Micha Kaufman and his friend Shai Wininger got to thinking six years ago. What if people could hire freelancers the same way they bought stuff on eBay or Amazon? And what if all those services started at only five bucks?
The entrepreneurial friends, both based in Tel Aviv, had each started and run a handful of online businesses over the years and decided to give Fiverr a shot. Rather than worry about funding or belabor the design, they made the website themselves. “The basic product was something we hacked, and it looked like it,” says Kaufman. “It wasn’t pretty.”
They didn’t advertise or pitch to investors. Instead they sat back and watched. It took a few weeks. A few friends told their friends who told their friends. “It was like fire,” says Kaufman. “It took off really fast.”
Since its 2010 launch, Fiverr has expanded beyond $5 services, with freelancers offering work upward of $8,000. And the services run the gamut across 120 categories and nearly 4 million jobs–ranging from coding to business card design . . . and even a personalized “Happy Birthday” music video.
Fiverr has grown from two to 130 employees. In August, the company scored its fourth round of funding–$30 million–that it’s already pumping into growing the marketplace. “We are obsessed with growth,” says Kaufman. “The mission is to get to as many people as possible and make Fiverr a household name.”
But back when the business was just starting out, what were some of the key steps to getting Fiverr off the ground successfully?
Kaufman and Wininger wanted to make it easy for people to commit to buying and selling services online. They realized that starting from a low price point–$5–made the exchange less risky for both the freelancer and the customer. “We wanted to take away the friction of price negotiation,” says Kaufman.
Most freelancers would raise a brow at such a low rate. What can you actually get for five bucks? But the founders had a hunch the price would give freelancers “a way to slice their skills thin enough.” They were right. Freelancers began signing up in droves. While the $5 focus was a great launching off point, after nearly a year of growth, the founders realized they needed to give freelancers a way to expand their services and rates.
One of the main objectives of Fiverr’s founders early on was to think more like an e-commerce company rather than an HR firm. The founders saw sites like Elance and oDesk taking on more of a human resources role–supplying people looking for freelance services with software and tools to manage the freelancers they hire for jobs. They wanted to simplify that process. “How can we make ordering a service as easy as ordering a book on Amazon?” says Kaufman.
They started using an SAP, or service as a product, process. Rather than having freelancers bid for projects, they asked them to define their skills through a product with a fixed price. This product was then added to a catalogue. Customers could then browse this catalogue of services and choose what they wanted, rather than sorting through freelancer profiles and bids. “We are thinking like a catalogue company; not like an HR agent,” says Kaufman.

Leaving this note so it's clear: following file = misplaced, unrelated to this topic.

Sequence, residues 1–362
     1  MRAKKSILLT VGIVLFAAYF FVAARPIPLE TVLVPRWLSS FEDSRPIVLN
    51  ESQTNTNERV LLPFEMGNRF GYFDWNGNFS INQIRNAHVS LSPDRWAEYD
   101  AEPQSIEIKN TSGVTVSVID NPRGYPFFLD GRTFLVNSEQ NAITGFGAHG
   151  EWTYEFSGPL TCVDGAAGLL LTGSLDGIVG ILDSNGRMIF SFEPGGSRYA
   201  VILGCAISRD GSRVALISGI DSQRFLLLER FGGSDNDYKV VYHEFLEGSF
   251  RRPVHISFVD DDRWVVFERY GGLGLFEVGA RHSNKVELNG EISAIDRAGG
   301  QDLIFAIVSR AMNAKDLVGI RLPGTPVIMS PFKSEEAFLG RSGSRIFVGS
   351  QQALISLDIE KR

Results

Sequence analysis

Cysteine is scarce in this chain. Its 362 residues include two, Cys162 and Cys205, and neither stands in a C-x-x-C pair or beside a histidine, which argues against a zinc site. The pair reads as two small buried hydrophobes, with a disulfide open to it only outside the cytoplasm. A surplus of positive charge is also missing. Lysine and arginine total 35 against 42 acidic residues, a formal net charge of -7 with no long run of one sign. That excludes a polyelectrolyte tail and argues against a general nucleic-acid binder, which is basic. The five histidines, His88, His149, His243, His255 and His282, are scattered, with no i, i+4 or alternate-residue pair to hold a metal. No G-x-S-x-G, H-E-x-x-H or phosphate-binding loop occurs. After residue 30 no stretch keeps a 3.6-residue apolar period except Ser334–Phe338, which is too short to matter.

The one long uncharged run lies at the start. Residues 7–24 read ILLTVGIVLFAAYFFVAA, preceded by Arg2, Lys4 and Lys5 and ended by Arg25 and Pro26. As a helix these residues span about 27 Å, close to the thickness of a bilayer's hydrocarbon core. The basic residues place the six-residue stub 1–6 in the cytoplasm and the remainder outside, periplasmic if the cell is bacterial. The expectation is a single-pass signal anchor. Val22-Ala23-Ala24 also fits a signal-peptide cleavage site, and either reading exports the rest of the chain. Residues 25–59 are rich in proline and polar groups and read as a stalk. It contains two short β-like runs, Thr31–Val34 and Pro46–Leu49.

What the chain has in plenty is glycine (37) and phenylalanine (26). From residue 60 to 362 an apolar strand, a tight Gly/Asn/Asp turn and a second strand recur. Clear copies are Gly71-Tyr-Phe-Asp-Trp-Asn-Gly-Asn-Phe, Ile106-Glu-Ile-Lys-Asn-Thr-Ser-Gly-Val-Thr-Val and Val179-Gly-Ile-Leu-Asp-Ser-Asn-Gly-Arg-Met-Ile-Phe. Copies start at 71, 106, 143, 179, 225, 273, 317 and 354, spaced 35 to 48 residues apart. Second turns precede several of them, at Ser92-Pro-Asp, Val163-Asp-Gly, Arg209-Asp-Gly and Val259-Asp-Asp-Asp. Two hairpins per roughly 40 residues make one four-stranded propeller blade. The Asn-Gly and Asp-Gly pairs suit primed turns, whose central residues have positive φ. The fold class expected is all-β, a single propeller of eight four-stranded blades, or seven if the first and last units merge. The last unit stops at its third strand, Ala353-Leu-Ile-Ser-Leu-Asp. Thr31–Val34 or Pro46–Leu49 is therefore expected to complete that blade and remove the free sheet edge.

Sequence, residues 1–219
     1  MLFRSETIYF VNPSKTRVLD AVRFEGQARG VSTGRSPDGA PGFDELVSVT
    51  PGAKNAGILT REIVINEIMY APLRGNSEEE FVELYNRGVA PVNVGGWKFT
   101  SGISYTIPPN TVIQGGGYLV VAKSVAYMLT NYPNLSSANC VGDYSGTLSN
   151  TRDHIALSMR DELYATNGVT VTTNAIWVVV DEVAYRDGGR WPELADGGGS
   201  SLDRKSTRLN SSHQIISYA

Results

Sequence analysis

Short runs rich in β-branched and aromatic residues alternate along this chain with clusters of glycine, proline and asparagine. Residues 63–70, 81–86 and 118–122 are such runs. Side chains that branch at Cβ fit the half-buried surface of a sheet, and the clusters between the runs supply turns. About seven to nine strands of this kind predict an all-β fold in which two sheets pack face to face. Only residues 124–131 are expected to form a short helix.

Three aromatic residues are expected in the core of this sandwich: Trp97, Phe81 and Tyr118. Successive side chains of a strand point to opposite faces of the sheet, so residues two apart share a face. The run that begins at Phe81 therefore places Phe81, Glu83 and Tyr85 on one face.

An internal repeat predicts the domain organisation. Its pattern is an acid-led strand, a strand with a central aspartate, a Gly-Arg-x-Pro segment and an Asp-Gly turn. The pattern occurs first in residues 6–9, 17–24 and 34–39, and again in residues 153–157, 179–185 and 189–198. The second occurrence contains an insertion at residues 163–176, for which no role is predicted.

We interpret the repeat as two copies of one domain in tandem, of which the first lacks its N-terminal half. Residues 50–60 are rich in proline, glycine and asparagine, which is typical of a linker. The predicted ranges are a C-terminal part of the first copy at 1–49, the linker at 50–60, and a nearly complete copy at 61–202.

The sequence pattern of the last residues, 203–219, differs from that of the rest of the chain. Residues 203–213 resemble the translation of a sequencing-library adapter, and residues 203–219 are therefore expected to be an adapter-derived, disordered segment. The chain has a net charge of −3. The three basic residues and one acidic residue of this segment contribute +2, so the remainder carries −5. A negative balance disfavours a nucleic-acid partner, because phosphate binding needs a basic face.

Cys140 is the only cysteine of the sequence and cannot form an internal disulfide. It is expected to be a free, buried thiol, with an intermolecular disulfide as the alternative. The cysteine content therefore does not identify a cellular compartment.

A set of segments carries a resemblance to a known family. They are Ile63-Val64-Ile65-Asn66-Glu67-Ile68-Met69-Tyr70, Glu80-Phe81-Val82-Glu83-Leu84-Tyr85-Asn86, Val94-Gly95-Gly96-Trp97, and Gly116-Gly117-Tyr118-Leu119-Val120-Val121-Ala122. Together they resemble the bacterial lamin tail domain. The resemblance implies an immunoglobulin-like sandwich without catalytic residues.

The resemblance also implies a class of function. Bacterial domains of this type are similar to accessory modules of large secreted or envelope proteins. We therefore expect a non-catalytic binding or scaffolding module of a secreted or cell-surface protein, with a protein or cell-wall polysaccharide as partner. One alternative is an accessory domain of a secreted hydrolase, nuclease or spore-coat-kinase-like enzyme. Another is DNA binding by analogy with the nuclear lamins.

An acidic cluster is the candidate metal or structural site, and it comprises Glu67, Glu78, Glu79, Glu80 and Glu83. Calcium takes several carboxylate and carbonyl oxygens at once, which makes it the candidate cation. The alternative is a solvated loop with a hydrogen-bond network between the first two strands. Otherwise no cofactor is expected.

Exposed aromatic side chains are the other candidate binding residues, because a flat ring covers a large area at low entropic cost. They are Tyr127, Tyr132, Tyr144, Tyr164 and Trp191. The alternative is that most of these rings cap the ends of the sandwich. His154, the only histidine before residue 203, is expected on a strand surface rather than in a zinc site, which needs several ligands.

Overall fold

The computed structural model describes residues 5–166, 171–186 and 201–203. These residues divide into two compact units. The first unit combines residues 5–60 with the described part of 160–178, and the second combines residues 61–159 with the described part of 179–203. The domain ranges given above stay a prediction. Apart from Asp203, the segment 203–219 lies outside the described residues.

When Fiverr was starting out, the emphasis was on getting as many freelancers to sign up as possible. The founders took a page from Amazon and eBay–focusing on building a robust community early on before exploring more ways to diversify. They decided to hone in on no more than eight categories, including graphics, writing, and design. “We realized pretty early in the game that building that community becomes one of the key engines of success,” says Kaufman.
One of the most important ways to get users on the site quickly was to make the process of signing up as simple as possible. Rather than having to complete a detailed profile and upload lots of documents, freelancers could sign up in five minutes by created a login and posting a service. “It was important that we simplify this concept to a degree . . . that people aren’t going to be hesitant to participate,” says Kaufman.
Fiverr has raised $50 million in funding since its launch, but don’t let that impressive figure fool you. The founders weren’t worrying about seeking funding when the company first started out. Instead they were looking for ways to grow the business through its users. “We really wanted a business that would grow organically and not something that you would fuel by pouring money into the machine,” says Kaufman.
That focus on simplicity, ease of use, and getting as many people involved as possible is what ultimately made the company attractive to investors. “The current investment was a vote of confidence from investors,” says Kaufman of the latest $30 million raised. “It’s really about the global share of talent.”